The Indiana Citizen

The Crossroads of Civic Engagement

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Walk into the Democratic caucus of the Indiana House or Senate and you’ll most likely find yourself among a professional class populated by attorneys and increasingly public school teachers. David Niezgodski is a throwback to the days when unions and the trades were a larger presence. In his second term in the Senate after 10 years in the House and a long career in St. Joseph County politics, the South Bend LaSalle High School grad began his career at 18, in the family plumbing business, which he now owns. Niezgodski represents Indiana Senate District 10, which covers heavily populated northern St. Joseph County.

Moving from the House to the Senate in 2017, Niezgodski stressed his working class roots in an interview, saying, “I’ve always been very passionate about issues that pertain to working men and women. I’ve been a very strong advocate for those causes, and that’s pretty much why I call myself a Democrat.’’ He was one of the House’s most outspoken critics of right-to-work legislation passed in 2012.

With only 10 Senate members, its Democratic caucus is particularly fragile, but Niezgodski occasionally has broken with leadership to vote with Republicans, most recently on the 2019 binennial budget – criticized by the rest of his caucus as shorting social services and public education – and 2020 legislation that allowed the state, instead of issuing debt, to use $291 million in surplus funds to pay for capital projects and Indiana colleges and universities – money since pulled back due to the coronavirus-triggered downturn in state revenues. Other Senate Democrats had pushed for the money to go toward teacher pay raises.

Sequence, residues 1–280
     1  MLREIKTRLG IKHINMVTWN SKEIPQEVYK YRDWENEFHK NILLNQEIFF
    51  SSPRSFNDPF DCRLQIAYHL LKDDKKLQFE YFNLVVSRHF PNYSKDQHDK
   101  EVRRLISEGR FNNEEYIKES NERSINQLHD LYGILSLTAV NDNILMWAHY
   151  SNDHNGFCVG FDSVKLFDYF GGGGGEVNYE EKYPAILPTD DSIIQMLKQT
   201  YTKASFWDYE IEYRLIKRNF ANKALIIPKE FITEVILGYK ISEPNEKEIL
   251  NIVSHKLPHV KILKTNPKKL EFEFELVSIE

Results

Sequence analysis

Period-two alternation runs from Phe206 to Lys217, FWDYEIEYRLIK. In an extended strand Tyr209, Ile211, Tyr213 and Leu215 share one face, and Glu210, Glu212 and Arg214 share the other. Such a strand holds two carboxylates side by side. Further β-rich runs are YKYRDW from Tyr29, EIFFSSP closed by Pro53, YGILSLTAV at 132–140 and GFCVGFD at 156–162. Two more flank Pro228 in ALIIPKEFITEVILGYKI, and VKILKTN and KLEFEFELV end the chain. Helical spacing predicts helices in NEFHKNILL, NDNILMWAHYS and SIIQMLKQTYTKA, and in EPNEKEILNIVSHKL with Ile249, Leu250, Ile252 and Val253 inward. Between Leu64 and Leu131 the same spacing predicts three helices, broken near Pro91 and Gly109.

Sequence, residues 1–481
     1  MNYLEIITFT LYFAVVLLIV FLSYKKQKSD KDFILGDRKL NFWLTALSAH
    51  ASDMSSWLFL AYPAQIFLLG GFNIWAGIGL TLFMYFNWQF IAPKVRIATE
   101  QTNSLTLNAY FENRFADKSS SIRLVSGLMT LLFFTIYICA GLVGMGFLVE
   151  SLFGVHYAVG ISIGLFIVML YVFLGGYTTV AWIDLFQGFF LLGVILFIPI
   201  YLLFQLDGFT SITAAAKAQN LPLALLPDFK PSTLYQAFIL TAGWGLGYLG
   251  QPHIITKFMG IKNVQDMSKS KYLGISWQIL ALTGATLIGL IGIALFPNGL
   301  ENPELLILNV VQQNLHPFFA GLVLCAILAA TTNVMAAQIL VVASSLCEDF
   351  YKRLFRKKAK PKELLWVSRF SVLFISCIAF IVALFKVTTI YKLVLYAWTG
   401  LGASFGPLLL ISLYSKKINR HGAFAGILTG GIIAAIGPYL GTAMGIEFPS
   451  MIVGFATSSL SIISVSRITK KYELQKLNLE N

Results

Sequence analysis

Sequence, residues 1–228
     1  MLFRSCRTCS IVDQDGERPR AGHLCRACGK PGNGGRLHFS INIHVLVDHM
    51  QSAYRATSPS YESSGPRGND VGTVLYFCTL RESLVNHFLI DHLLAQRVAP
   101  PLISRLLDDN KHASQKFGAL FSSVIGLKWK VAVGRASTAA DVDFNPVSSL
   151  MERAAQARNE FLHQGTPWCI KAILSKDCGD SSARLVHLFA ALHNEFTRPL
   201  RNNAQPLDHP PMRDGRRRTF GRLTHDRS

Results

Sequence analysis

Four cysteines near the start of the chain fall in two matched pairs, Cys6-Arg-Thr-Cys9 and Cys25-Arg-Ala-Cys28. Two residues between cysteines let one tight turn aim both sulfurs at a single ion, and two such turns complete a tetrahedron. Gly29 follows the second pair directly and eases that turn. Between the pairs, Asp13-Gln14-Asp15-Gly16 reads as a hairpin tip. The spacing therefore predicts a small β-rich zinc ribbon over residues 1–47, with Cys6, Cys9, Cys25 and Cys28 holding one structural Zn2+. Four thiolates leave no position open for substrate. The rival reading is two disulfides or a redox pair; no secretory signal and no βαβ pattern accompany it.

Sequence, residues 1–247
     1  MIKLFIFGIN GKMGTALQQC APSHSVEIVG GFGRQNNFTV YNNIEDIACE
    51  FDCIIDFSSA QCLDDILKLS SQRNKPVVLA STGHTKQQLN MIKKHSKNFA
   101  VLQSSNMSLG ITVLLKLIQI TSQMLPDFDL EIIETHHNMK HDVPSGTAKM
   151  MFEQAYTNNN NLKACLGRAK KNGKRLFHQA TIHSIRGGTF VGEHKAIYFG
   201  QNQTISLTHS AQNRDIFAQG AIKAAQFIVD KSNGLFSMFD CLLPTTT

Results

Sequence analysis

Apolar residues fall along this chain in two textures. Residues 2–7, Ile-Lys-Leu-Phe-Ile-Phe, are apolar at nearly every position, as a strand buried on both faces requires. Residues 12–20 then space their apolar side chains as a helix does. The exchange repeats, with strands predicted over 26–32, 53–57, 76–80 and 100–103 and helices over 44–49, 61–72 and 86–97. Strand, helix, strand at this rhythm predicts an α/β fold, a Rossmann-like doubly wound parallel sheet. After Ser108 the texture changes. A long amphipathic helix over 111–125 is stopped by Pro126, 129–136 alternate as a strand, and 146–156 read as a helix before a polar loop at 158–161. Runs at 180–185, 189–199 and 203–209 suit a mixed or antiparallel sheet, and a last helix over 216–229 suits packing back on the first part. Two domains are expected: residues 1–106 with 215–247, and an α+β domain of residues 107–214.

In 2020, four of the bills authored by Niezgodski dealt with worker issues, including one that renewed his efforts to reestablish the prevailing wage in Indiana; also known as common construction wage, the law requiring minimum pay rates for public works projects was repealed in 2015. It as well as two others – to withhold tax credits and other state incentives from companies that move their call centers overseas, and to reinstate unemployment benefits for education workers – died in committee. The fourth, to create a system to report when companies reclassify their employees as contractors without paid benefits, passed the Senate with 20 Republican votes but died in the House amid opposition from the small business lobby.

Niezgodski’s former House district is a mix of blue and red precincts. He managed to win by comfortable margins, even running without Republican opposition for his last term. Democrats have struggled to hang on to the seat since. His Senate seat has been held by Democrats for decades, and he faced no opposition for reelection in 2020. – Kevin Morgan